Often considered in the short term as a factor of aggravation of unemployment, Syrian refugees in Turkey can contribute to accelerate the pace of economic growth of the country. According to the latest Femise report of September FEM43-05, “The long-term impact of Syrian refugees on the Turkish economy”, is positive and will double the GDP increasing from 1.9% to 4% of GDP between 2017 and 2028.
Syrian refugees become important economic actors in Turkey: As suppliers of labor in industry, mostly in the informal economy, they invest, save and reveal a strong entrepreneurial capacity. From 2014 to 2016, the number of companies founded by Syrians in Turkey jumped 168%. At the end of 2017, Turkey had 4,793 Syrian companies – for a share capital of 39.1 M € (247 million Lire). 1,764 companies are directly owned by Syrians. In addition, Turkish companies see their social security contributions reduced by 20% by recruiting Syrians within the limit of 10% of the workforce.
Since the conflict erupted in Syria in March 2011, millions of Syrians have been forced into exodus to the Mediterranean riparian countries: Turkey, Jordan, Lebanon, Egypt and Italy. In 2018, 5.5 million Syrians (62% of total refugees) reside in Turkey, according to the latest figures from the Office of the High Commissioner for Refugees. For the most part, Turkey was only a transit country to Europe. It has become a country of destination. The Syrians arrived massively in ten cities located in the border areas of Gaziantep, Adana before gradually gaining big cities like Mersin, Ankara, Istanbul, Izmir … Several studies have found short-term impact of this influx population: rise in the unemployment rate, increase in the price of rents and food products. On the other hand, they have observed that consumer prices are falling as a result of lower prices or services produced by refugees, putting pressure on production costs.
One million Syrian workers in 2028 for a contribution to GDP of 4%
According to the Femise report, coordinated by Professor Ramon Mahia (AGREEM – University of Madrid) and with the contribution of Prof. Ahmet Ali Koc at the Economic Research Center on Mediterranean Countries (CERM) at Akdeniz University in Turkey. The economic impact of Syrian integration in Turkey will accelerate over the next five years.
According to the report on “The long-term impact of Syrian refugees on the Turkish economy”, (available here ) a new growth trend is expected between 2023 and 2028 with the arrival of young Syrians (+ 15%) on the labor market.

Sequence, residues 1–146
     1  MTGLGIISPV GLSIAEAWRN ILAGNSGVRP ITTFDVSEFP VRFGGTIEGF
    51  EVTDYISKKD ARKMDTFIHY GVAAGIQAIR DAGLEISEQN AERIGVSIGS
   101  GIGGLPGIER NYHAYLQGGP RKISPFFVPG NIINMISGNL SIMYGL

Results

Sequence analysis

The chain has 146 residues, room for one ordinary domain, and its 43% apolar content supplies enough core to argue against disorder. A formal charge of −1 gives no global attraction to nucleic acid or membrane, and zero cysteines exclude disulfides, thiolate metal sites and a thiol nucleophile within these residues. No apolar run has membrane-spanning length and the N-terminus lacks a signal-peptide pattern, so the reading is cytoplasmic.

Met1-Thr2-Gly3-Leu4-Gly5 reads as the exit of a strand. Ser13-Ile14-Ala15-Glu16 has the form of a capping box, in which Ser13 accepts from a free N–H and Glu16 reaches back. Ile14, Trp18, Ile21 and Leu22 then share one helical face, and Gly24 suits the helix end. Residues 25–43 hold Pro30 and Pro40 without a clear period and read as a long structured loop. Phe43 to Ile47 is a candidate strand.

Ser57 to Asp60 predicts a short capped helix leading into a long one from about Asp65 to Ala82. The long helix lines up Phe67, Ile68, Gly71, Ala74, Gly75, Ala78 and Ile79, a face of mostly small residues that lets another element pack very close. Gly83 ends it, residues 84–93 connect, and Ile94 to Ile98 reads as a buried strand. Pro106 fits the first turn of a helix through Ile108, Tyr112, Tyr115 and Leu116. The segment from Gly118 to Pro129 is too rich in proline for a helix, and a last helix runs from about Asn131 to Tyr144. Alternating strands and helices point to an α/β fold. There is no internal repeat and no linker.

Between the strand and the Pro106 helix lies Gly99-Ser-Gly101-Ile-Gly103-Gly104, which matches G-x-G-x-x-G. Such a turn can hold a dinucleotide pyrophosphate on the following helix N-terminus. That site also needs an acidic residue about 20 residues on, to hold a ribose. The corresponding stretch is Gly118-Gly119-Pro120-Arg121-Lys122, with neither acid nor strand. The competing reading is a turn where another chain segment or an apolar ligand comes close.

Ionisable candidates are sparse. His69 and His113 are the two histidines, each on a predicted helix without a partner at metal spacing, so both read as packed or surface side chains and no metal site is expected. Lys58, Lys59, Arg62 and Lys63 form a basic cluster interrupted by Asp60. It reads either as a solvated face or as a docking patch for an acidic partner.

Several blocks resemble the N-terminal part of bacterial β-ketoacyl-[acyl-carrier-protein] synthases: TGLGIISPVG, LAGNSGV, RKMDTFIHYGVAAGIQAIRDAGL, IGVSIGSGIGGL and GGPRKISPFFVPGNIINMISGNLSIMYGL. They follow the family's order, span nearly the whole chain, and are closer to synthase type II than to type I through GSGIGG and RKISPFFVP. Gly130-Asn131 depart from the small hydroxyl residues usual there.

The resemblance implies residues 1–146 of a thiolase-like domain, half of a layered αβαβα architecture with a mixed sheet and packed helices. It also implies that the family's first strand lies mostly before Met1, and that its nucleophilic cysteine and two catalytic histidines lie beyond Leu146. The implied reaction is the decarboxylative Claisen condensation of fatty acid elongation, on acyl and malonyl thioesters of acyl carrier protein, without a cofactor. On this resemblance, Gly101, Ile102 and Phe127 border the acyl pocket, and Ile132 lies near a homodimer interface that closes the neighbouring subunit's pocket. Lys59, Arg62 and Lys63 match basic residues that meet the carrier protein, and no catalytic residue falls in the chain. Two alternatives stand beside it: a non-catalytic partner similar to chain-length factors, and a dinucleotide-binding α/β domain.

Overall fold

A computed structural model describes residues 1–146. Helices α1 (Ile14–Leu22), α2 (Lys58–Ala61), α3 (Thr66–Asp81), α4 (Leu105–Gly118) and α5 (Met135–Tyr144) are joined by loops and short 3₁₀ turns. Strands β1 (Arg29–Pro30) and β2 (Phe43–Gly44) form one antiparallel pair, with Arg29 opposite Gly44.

The Femise report assesses the impact from the point of view of the added value of refugees in the Turkish economy. It is valued at € 4.3bn (LTL 27.2bn) at the end of 2017, or 1.96% of Turkey’s total GDP. A share that according to the projections of the report will increase to 4% in 2028 with one million Syrian workers in the country. In addition, the employment of Syrian-induced economic integration of Syrian refugees was estimated at 132,454 in 2017.
For the report’s authors, the production effect of refugees is greater than their induced demand effect for 2017, 2023 and 2028 respectively. This means that the productive capacity of Syrian refugees as entrepreneurial skills and labor supply seems to be more effective than their consumption effects on the overall output of the economy.
In the early days, with the language barrier and lack of correct certificates and papers, the Syrians had no choice but to work at low prices for the textile industry, the manufacturers of mechanical parts in the remote factories of Gaziantep, in poor hygiene and safety conditions.
Breathing the dust, the toxic odors, they work for long hours for an average monthly salary of 238 dollars. While progressive integration has occurred with access to the labor market, health and education services, access to citizenship and residence permits in the aftermath of the agreement between the European Union and Turkey were a decisive step.
“Improving employment opportunities, increasing skills, developing their entrepreneurial capabilities and granting work permits in targeted sectors will further increase refugees’ contribution to economic growth,” says Femise.
Article by Nathalie Bureau du Colombier in partnership with Econostrum